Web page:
Parents are lobbying the government to restart funding for an arts and media provider that trained mostly high-needs learners.

The Education and Skills Funding Agency terminated its contracts with Sheffield Independent Film and Television (SHIFT) last year, after it was rated ‘inadequate’ by Ofsted.

A report by the education watchdog, published in February 2019, said inspectors found the quality of provision for 51 learners on 16 to 19 study programmes, a third of whom had special educational needs, had “declined and was now inadequate” since an earlier grade two report.

The proportion of its learners who go on to further study, apprenticeships or employment was “low” and Ofsted warned that learners make “slow progress” in achieving qualifications and developing skills.

The report came shortly after the watchdog’s chief inspector, Amanda Spielman, spoke out about the “mismatch” between the numbers of students taking low-level arts and media courses and their “future employment in the industry”. She reiterated this concern just this week.

However, a parent petition says the watchdog is “ill-equipped and inadequately trained to judge specialist provision working with students who have complex needs”.

They have said the provision on offer at SHIFT was “specialist and unique”, as well as “learner-focused using gentle teaching techniques which engages the students”.

Ofsted defended itself by stating that all of its inspectors complete an extensive training programme before undertaking inspection work and inspectors with particular expertise in areas like SEND are recruited too.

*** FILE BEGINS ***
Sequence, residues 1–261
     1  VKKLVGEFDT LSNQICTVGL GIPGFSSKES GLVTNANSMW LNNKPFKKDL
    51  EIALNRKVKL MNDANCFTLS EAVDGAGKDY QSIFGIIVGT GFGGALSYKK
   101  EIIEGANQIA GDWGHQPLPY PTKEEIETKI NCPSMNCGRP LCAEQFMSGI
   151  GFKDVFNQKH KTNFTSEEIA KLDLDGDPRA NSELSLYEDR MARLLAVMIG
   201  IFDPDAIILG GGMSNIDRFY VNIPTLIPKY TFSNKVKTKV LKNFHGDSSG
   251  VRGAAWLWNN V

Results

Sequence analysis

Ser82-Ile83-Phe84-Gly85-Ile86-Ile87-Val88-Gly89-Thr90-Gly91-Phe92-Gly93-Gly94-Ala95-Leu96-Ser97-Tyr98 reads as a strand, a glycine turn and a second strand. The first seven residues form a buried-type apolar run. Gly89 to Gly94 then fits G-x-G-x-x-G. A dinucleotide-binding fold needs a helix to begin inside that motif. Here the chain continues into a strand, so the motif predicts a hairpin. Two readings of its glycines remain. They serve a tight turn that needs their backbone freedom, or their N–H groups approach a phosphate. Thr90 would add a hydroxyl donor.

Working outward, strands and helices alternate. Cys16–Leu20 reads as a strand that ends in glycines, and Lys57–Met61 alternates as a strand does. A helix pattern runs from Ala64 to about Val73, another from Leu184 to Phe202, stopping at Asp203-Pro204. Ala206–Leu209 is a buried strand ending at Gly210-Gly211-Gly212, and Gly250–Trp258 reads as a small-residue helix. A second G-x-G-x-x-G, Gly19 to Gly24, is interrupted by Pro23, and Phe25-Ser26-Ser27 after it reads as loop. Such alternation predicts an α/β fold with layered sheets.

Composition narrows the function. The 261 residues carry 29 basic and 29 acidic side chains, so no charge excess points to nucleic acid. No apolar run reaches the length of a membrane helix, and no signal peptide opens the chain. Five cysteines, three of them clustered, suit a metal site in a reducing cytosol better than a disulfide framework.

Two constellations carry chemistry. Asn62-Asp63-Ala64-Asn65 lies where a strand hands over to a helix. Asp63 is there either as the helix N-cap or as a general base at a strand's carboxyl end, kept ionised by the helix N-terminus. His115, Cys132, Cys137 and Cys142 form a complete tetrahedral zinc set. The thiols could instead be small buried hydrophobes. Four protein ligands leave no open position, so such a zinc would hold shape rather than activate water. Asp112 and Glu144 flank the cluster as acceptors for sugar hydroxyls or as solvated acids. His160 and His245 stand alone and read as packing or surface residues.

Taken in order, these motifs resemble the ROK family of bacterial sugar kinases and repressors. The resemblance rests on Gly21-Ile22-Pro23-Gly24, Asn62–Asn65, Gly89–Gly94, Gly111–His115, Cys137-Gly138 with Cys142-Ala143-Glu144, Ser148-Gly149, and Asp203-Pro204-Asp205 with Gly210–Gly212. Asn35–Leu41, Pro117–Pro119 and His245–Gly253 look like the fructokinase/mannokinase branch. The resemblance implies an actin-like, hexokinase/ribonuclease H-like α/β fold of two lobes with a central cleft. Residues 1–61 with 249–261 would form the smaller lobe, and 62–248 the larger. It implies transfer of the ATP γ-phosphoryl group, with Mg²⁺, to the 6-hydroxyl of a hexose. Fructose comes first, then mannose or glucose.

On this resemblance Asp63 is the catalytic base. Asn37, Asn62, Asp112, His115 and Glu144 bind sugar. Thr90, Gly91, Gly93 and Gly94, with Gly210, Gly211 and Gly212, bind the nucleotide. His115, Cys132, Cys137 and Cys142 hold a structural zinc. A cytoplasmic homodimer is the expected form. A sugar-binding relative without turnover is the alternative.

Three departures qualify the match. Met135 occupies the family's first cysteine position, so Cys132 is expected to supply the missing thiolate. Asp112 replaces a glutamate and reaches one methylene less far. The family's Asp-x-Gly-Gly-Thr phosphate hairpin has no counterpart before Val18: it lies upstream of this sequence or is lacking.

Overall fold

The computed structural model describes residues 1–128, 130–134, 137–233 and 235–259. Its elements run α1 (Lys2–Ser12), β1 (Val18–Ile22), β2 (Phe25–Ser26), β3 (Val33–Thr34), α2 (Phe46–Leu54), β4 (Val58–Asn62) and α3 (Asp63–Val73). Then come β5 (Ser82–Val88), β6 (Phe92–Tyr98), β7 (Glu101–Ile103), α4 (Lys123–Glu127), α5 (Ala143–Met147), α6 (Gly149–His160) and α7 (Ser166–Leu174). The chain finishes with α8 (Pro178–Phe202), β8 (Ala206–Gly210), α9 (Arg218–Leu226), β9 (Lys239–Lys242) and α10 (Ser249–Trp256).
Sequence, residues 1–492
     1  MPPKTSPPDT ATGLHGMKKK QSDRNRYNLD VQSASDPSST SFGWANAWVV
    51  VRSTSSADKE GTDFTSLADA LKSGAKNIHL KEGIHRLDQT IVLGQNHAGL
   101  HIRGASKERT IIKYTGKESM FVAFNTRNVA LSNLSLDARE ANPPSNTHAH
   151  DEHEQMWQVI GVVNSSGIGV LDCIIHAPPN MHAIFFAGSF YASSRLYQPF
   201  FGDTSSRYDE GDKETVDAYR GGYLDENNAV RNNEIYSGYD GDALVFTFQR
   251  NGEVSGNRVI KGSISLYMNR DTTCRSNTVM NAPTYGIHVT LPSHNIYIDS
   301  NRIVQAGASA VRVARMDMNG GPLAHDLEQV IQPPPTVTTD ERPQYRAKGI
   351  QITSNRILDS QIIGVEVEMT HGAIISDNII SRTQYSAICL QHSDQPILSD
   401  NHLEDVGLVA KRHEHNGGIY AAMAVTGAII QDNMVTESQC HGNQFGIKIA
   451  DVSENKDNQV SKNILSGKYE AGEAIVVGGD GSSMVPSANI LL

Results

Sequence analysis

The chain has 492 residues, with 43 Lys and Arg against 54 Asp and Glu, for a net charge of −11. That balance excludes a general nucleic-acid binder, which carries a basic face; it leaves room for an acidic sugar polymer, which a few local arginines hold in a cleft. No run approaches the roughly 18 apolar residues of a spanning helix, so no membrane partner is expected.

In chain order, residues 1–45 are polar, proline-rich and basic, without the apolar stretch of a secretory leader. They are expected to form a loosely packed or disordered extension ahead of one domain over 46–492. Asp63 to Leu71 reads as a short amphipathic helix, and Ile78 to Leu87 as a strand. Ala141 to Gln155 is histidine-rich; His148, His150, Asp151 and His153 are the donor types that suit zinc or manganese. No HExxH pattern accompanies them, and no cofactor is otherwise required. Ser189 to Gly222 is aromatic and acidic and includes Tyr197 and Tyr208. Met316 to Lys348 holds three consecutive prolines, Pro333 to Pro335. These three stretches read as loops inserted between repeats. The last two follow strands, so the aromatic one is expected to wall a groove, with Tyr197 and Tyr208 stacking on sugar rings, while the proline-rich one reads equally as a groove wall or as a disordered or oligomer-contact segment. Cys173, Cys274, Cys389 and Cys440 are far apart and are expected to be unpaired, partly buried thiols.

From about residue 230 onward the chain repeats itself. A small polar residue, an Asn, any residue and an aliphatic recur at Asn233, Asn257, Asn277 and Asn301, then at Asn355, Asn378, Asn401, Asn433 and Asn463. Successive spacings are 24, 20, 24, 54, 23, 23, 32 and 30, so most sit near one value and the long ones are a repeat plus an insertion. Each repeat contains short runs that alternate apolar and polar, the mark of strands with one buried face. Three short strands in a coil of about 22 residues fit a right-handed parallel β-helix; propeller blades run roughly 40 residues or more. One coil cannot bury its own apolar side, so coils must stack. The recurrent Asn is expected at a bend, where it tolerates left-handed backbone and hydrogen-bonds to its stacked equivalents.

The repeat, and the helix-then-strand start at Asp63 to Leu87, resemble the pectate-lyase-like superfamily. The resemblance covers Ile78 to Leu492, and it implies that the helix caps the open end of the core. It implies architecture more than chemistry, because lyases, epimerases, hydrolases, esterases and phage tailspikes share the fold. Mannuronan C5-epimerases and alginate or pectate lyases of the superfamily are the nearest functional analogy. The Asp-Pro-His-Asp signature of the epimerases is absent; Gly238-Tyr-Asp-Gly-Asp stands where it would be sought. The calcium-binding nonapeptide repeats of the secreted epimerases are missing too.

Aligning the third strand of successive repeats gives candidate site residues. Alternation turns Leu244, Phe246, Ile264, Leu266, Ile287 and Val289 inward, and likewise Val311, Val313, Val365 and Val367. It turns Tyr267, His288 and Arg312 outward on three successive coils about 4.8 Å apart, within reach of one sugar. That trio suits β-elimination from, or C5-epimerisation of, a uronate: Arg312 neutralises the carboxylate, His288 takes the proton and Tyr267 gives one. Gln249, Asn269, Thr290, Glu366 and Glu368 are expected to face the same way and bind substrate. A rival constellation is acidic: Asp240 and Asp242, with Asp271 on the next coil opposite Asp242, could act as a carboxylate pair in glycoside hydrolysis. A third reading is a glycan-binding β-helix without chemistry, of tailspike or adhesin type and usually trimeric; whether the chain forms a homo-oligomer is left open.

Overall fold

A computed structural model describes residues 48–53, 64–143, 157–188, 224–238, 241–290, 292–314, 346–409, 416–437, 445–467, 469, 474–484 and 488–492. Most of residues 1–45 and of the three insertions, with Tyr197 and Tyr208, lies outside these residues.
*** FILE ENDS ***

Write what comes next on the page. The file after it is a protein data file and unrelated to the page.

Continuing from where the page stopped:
“We are confident we made accurate judgements about the provision delivered by Sheffield Independent Film and Television Limited,” a spokesperson added.

SHIFT director Kathy Loizou said parents were “absolutely distraught” that the provider had to close. They believed their  children would not have gotten through education without their training.

A lot of the young people’s needs were connected with anxiety, meaning they would have found it “difficult” to go to a learning environment like an FE college, Loizou said. She added that although colleges do “great work under very extreme funding circumstances,” they are often too big for some young people.

“We provided a safe and effective place for learners with complex needs to re-engage. We felt we were especially good at that.”

The petitioners, who are calling for the immediate reinstatement of SHIFT’s funding by the ESFA and for Sheffield City Council to take action to influence the ESFA, said there is no other provision like what SHIFT did in the area.

“Young people in north England are put at a disadvantage in relation to their peers in the south,” they say, compared to providers in the south like Dv8 Training (Brighton).

Dv8, which also caters for high needs learners and offers arts and media courses, received a grade four in November 2018; yet has been allowed to continue its provision, albeit while subject to two monitoring visits in May and September.

Asked to explain this discrepancy, the Department for Education said that while it is normal to terminate contracts for independent providers which receive a grade four, if there is evidence learners’ interests would be best served by maintaining the contract, they will do so under strict conditions with rigorous monitoring.

The spokesperson did say factors such as whether there are other providers in the local area to support learners are taken into account.

“Protecting the interests of learners is always our main priority, and Ofsted’s published assessments of the inadequate quality of provision is always taken seriously,” they said.

Dv8 did not respond to requests for comment about why it was allowed to keep its contract. Sheffield City Council declined to comment on the petition.

The petition had 49 signatures at the time of going to press. It can be viewed by visiting

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